A Buddhist Understanding of 11 September 2001

Three Minutes’ Silence –
birdsong
and some deeper grief
 
This haiku came out of grief for the five thousand innocents slaughtered in New York and Washington. But I also experienced a yet deeper grief to be reminded yet again, and so poignantly, of the fear, rage and folly which so madly drives our global society. I also had the feeling that it was as if the Americans, however unconsciously, were somehow usurping the whole world’s sorrow to mourn and avenge only their own.
 
The Buddha showed how the pig, the cock and the snake of anger, greed and delusion drive a human life. But what of the driven follies of history, the greater madnesses of human societies which lie behind the 11th September sound bites?  Nations, races, cultures, religions, social classes and every imaginable grouping (not excluding Buddhist ones!) are sustained by, and sustain, the personal need for belongingness to reinforce our fragile sense of self.  Even the least of its citizens swells with pride to be American, with a sense of being one of the world’s chosen people with a unique global destiny, and a unique political and economic – and military – superiority. Throughout history millions of the most wretched have been willing to die for The Flag (or some other Flag), finding meaning and dignity were all else may have failed.
 
This bonding is sustained further by a kind of collective delusion called ideology. This is a view of the world more or less distorted to affirm our collective identity, our essential rightness. Many Americans, for example, believe that the less fortunate of the world’s peoples are desperate to destroy America’s democratic institutions – whereas it would be nearer  the truth that they are desperate to be allowed to enjoy such social justice themselves.
 
In fearful times all our rage and frustration can be projected by demonising those others out there – whoever they may be. Low profile police and intelligence action against terrorism will not assuage the vengefulness of the folks back home, so it has to be a “war against terrorism”, with all the trappings of a massive military build-up.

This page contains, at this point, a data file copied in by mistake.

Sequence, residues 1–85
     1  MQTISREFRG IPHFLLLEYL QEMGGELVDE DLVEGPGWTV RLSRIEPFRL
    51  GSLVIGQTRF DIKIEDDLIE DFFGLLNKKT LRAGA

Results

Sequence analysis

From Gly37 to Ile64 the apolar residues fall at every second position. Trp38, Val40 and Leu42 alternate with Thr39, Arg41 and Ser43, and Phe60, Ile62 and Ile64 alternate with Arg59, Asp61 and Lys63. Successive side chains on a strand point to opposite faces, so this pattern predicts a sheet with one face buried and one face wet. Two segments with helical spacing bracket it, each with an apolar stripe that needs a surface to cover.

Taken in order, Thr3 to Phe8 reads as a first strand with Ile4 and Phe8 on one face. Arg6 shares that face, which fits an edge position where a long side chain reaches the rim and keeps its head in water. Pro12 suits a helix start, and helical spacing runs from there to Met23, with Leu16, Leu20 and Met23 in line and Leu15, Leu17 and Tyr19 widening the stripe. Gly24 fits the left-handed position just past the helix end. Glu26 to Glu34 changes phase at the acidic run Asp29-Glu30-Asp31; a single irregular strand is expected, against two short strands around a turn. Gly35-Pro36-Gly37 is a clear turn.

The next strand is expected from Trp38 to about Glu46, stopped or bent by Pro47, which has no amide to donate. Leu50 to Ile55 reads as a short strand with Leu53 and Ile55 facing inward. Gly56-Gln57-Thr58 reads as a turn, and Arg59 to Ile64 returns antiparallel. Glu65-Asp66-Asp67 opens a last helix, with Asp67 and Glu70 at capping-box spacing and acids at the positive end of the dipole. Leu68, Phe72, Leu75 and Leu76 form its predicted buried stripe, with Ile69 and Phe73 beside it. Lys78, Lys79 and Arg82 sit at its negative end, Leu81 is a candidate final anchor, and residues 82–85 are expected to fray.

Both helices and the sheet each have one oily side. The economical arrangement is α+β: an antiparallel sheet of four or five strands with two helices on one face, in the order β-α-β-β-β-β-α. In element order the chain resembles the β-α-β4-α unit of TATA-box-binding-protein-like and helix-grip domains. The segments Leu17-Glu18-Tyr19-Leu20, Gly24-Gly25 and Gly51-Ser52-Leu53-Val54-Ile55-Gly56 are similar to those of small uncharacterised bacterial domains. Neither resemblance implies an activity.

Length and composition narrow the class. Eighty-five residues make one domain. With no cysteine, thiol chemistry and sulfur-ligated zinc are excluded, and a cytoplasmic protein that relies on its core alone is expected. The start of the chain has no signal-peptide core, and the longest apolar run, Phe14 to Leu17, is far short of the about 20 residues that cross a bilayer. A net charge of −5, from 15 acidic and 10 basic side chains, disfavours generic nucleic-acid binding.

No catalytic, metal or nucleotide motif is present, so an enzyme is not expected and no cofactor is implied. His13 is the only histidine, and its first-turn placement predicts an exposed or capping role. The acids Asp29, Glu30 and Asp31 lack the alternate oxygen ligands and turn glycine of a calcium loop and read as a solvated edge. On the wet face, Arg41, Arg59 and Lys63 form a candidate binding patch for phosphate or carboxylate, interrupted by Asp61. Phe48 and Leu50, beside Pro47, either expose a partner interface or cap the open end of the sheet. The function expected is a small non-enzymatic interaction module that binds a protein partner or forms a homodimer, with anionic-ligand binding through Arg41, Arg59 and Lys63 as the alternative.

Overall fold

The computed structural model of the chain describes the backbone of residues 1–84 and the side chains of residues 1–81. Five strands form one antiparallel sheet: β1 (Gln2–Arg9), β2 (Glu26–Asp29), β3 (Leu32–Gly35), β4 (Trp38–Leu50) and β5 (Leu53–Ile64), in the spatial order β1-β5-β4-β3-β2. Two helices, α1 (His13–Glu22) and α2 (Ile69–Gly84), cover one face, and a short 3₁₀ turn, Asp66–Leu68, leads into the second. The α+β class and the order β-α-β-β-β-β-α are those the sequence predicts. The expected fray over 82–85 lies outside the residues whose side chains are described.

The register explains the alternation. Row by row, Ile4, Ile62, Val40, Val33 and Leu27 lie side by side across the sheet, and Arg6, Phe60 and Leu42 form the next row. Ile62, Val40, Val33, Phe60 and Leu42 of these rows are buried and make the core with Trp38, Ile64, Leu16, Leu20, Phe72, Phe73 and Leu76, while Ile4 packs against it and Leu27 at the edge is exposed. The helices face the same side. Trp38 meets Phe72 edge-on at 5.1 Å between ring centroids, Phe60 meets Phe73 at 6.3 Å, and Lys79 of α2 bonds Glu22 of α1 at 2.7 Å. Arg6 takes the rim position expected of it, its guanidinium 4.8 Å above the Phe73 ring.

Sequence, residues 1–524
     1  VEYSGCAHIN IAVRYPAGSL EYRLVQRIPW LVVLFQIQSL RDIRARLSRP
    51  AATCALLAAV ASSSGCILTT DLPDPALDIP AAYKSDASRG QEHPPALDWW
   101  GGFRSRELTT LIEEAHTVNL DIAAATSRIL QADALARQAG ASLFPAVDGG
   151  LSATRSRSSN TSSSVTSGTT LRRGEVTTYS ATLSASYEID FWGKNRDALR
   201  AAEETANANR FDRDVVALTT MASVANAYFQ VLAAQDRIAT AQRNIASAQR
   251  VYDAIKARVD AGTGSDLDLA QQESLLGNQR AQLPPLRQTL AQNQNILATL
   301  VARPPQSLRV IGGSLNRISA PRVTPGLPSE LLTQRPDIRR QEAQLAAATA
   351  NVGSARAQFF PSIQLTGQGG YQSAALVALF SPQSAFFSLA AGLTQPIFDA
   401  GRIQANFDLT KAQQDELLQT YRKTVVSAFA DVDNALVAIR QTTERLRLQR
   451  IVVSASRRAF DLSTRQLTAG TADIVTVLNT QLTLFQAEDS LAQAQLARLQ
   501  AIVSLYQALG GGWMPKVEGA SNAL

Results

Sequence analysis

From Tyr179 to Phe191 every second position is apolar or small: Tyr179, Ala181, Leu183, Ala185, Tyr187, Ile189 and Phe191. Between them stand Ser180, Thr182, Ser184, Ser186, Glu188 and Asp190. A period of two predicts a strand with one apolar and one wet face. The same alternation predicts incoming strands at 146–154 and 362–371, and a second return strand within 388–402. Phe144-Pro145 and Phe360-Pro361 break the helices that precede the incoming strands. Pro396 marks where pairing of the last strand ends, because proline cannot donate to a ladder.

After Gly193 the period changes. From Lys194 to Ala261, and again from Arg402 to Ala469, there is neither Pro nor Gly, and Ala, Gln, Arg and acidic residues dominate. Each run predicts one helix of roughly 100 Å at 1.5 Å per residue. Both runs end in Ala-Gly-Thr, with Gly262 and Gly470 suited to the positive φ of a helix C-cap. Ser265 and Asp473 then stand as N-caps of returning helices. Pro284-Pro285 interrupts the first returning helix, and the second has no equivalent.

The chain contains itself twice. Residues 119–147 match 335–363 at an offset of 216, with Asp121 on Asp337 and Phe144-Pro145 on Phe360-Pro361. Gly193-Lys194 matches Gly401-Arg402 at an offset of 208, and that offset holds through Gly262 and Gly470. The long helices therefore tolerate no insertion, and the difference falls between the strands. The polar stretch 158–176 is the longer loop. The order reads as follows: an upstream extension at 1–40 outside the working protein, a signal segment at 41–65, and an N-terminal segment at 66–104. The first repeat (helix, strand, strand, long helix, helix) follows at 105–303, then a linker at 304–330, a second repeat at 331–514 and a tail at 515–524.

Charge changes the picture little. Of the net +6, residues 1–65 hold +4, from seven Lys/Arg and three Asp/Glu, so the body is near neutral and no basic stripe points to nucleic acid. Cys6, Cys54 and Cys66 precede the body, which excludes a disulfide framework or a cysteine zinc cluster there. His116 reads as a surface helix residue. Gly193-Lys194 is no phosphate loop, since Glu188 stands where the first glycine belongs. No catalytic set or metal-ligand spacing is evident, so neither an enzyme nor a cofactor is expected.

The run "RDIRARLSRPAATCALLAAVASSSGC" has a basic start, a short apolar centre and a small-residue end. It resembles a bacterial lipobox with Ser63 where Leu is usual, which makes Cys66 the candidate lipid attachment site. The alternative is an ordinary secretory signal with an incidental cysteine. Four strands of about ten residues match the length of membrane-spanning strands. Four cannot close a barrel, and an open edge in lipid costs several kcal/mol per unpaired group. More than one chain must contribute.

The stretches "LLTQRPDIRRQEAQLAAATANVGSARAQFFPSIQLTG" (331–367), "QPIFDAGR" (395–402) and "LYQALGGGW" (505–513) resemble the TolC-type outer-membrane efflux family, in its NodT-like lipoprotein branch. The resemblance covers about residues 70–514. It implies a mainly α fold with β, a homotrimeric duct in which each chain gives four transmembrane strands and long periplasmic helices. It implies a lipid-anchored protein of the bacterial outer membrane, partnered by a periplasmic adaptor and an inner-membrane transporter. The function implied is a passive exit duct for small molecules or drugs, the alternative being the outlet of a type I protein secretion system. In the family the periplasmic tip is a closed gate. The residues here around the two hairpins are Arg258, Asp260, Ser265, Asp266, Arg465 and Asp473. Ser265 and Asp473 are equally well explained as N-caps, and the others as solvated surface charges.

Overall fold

Each side becomes to some extent the mirror image of the other. Each invokes God in its own jihad against Evil. George W Bush and Osama bin Laden have even referred to each other as “the head of the snake”. Each provokes the other to greater violence. Each side plays its own “dirty tricks” on the other, and if the terrorists still lack the means to commit crimes against humanity on a truly American scale it is not for want of trying.
 
To the extent we are free of this antithetical bonding, as I call it, to that extent can we see with greater objectivity the working of the world in the light of Buddha’s diagnosis of our human condition, with its karmically driven tangle of interactive conditioning.
 
In the words of one journalist “the world has been laid waste by America’s foreign policy: its gunboat diplomacy, its nuclear arsenal, its vulgarly stated policy of ‘full spectrum dominance’, its chilling disregard for non-American lives, its barbarous military interventions, its support for despotic and dictatorial regimes, its merciless economic agenda that has munched through the economies of poor countries like a cloud of locusts.”  A more detailed and dispassionate indictment is readily available on your computer, at Znet.
 
The global dominance and exploitation by the world’s richest countries of the poorest extends all the way from military might to Coca-Cola culture, provoking anger, frustration and helplessness. It is small wonder that where any kind of militant fundamentalism flourishes there is this desperate resort to the crude countervailing violence of mass terrorism.
 
A full Buddhist diagnosis would be considerably more complex, but this will serve our purpose. So …  what of our response? First of all, there are three projects to which several of us are already lending our support. The short term one is to do everything possible to end the bombing. Already the war is being widely perceived  as a war against Islam. Its continuance and escalation will put pressure on moderate Moslems to support the fundamentalists. The terrorists will then be well on their way to achieving their goal, which is a general a war between the West and Islam.